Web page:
But I’ve broken the back of it – what’s left is essentially fitting out and decorating !

Dignity and Impudence

Mrs P has a thing about A4s. I have tried to convert her to the One True Way slightly further west, but she particularly likes 60007 “Sir Nigel Gresley” in BR Blue. Unfortunately she is married to a tight git who thought that 170 quid for the “Great Gathering” version was far too steep even if one could be found, and to make matters worse, she knows that I already have 60007, albeit in dark green, renumbered from “Woodcock” when they were going for far more sensible prices as part of a “3 Hour Express” project.

Anyway, it was her birthday in May and the local dealer had “Golden Eagle” on his shelf for £130, so I gave in and bought one. Of course, it’s the right colour but the wrong chimney and tender, and it needed nameplates. Where to get nameplates, a double chimney and corridor tender fittings to swap over ? In less than two weeks ?

Man hath no greater love than this that he should lay down his A4 for his wife.
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A brief perusal of Simon AC Martin’s writings showed that the various bits could indeed be pinged off and swapped over, so clandestinely, over several weeks, my green one was shorn of its fittings and “Golden Eagle” got a makeover. It’s not perfect, I didn’t have time to swap the tender interior mouldings over so it just got the external fittings at first, but it was enough to make me Husband of the Year briefly. I even resisted the temptation to weather it.  photo IMG_0019 2_zpsokamdjt5.jpg
My green one will rise again as 60009 “Union of South Africa“, which I was once honoured to blag a ride on up and down the yard at Appleby by simple expedient of standing drooling in front of it until Mr Cameron himself took pity on me and told me to get on. I forget what I was supposed to be doing, supervising it running round it’s charter train set I expect. Just as soon as I can fabricate a double chimney and tender corridor connection …
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Meanwhile, the Hawkshawe Estate Tramway continues to beg borrow and acquire odd bits and pieces of kit to run its ramshackle operations. The latest refugee from the big railway is 68138, a tiny Sentinel lately of Ayr shed.
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The real one was at Ayr in the late 1950s where it replaced a similar LMS Sentinel, and they appear to have been used to shunt the lairage sidings on the North Harbour. Known locally as “The Chipcart”, they were apparently not universally liked, being awkward to drive and unpleasant to fire by all accounts. This is the Model Rail model, produced by Dapol, and it is gorgeous. Almost everything below the windows is filled with Mazak so it weighs more than you might think and easily handles the three or four wagons required of it, but it is fussy about clean track, not surprisingly. Seen here pottering about in the tramway exchange siding, nobody appears to have bothered cleaning it since it arrived.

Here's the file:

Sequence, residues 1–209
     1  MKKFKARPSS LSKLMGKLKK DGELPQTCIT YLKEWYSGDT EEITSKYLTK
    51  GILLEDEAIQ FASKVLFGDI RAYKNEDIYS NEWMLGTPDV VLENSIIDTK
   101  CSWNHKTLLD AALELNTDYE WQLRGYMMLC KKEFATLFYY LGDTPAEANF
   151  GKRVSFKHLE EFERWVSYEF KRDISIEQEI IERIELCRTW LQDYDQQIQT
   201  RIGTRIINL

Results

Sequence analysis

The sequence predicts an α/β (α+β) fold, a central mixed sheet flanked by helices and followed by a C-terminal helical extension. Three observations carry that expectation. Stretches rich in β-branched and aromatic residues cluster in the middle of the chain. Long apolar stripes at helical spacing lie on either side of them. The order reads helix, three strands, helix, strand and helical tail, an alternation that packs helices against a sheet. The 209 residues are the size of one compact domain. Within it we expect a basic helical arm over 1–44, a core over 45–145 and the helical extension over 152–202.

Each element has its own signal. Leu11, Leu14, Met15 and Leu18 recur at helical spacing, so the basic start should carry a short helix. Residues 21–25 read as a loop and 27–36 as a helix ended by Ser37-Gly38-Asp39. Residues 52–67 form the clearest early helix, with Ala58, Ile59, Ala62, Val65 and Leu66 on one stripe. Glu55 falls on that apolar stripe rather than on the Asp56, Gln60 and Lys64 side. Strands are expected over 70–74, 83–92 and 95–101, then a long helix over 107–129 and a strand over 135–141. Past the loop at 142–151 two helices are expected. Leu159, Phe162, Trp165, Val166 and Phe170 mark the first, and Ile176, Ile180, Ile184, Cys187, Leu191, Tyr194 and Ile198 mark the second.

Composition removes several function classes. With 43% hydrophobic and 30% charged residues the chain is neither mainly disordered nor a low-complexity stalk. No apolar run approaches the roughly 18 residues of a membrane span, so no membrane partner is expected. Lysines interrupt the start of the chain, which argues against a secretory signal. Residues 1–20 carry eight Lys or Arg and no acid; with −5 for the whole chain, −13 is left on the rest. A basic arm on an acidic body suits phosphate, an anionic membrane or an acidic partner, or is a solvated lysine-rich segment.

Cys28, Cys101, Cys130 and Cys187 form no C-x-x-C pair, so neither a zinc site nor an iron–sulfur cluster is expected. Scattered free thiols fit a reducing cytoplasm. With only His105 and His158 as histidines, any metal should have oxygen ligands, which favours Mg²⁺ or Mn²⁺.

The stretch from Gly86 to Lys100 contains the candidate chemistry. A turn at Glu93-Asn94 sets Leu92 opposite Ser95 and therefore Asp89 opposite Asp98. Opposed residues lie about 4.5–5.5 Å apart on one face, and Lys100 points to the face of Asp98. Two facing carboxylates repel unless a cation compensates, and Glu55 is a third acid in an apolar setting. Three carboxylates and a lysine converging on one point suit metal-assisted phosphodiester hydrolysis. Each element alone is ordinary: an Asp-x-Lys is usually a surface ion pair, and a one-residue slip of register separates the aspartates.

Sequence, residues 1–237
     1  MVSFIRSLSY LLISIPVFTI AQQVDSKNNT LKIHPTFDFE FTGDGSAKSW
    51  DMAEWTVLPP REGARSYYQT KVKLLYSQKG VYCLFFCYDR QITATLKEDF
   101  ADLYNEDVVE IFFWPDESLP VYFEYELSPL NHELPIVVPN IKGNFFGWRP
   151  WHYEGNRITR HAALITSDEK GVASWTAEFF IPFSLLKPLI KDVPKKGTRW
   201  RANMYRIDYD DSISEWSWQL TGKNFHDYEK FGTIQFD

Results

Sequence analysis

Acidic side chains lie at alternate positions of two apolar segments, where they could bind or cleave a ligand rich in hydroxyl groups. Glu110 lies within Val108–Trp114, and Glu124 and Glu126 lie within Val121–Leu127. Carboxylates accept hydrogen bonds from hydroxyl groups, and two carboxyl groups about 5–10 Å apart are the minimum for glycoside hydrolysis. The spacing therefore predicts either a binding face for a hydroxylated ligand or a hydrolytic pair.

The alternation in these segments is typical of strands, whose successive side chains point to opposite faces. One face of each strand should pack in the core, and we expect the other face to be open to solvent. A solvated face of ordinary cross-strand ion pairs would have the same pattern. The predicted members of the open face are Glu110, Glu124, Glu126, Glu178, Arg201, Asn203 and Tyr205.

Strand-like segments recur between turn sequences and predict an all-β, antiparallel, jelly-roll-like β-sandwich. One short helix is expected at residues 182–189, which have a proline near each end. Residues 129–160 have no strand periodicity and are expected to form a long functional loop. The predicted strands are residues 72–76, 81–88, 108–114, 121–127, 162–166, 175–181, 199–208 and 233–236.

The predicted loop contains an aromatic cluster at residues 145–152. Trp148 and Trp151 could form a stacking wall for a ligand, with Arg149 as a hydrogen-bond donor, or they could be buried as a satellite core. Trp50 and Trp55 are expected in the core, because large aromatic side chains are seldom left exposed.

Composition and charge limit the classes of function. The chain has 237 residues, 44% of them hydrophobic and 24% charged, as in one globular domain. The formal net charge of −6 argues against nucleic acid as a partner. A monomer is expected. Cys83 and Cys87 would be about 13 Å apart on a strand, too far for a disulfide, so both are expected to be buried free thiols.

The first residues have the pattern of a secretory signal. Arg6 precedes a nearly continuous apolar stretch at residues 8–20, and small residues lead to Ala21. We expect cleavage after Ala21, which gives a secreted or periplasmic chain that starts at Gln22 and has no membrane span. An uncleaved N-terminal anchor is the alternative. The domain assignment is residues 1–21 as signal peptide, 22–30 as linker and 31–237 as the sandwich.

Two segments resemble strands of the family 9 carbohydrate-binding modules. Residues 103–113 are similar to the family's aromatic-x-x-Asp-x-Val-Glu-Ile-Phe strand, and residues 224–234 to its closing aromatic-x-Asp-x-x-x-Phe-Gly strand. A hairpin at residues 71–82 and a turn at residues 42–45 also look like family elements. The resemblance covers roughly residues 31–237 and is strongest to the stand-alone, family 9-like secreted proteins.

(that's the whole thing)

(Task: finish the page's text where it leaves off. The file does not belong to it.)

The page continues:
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A Home for My Railway – 2

Never discourage anyone who continually makes progress, no matter how slow.
– Plato

Well I had expected to be writing this rather sooner than two years after I wrote this – https://stuart1968.wordpress.com/2014/07/13/a-home-for-my-railway/? – but it’s getting there.

So this is the current state of play in the garage. Despite my assertation that something would circumnavigate it by Christmas last year it’s still not finished and the only things circumnavigating it are spiders. Big spiders. Insectol kills them far more effectively than carpet glue but at the time it was the only can near enough with sufficient reach and lethality. Halfords Peugot antelope beige doesn’t kill them but it does make them easier to spot.

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Yes, quite. All the junk is still there, work sessions alternate between clearing a space to do a job, and doing the job. Then a space is cleared for the next job. All the walls are now insulated and most of the vapour barrier is in place. On top of this a 2″ x 1″ batten has been screwed to the upright battens (themselves bolted to the concrete walls) to take the rafters. These are 3×1 treated softwood with 1″ slab insulation above.

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My carpentry isn’t great, so these were secured to the battens with 40mm brackets, the ends of the rafters being notched over them. The idea was that the 5p bracket was just securing it, not taking the weight, but it hasn’t quite worked out like that. I was going to reinforce the joints with more brackets inside the corners on both sides but in the meantime another problem manifested itself.

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The cement board roof is supported on two transverse steel trusses, about 4″ deep. The battens were fixed below these lowering the effective headroom by two inches. Unfortunately the floor boarding and slab insulation below had raised the floor nearly three inches. This wasn’t a problem at the high end (the roof slopes front to back) and the very low bit at the back would have a 2 foot wide base board below it, but I wasn’t expecting to bang my head less than halfway down. I’ve got to add some sort of lighting yet as well.

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Of course all the rafters were in place by now, as was most of the slab insulation. But it has been raised by simply shoving the rafters up out of the way one at a time, turning the bracket upside down and refitting it. There isn’t much space between the insulation and the roof but air can still circulate via the corrugations so we’ll see. There, that looks perfectly robust doesn’t it ?

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No, I didn’t think so either so the ends have been reinforced with leftover 2×1 and extended over the batten. This is actually stronger than it was before (there are more screws than the one visible) and I should have done it this way in the first place.

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The slab insulation serves too purposes. Firstly, if the roof leaks it will hopefully stop the rafters getting wet although where the water will eventualy show up is a good question. Secondly it covers up all the spider hidey-holes so I can work without fear of them dropping down my neck.

Of course, the first person I showed looked at it and suggested that as the ceiling is not required to actually do anything except support it’s own weight, I should have just cut some 8×4 sheets of 4″ Cellotex to fit between the steel trusses and filled all the gaps in with squirty foam. Grrr.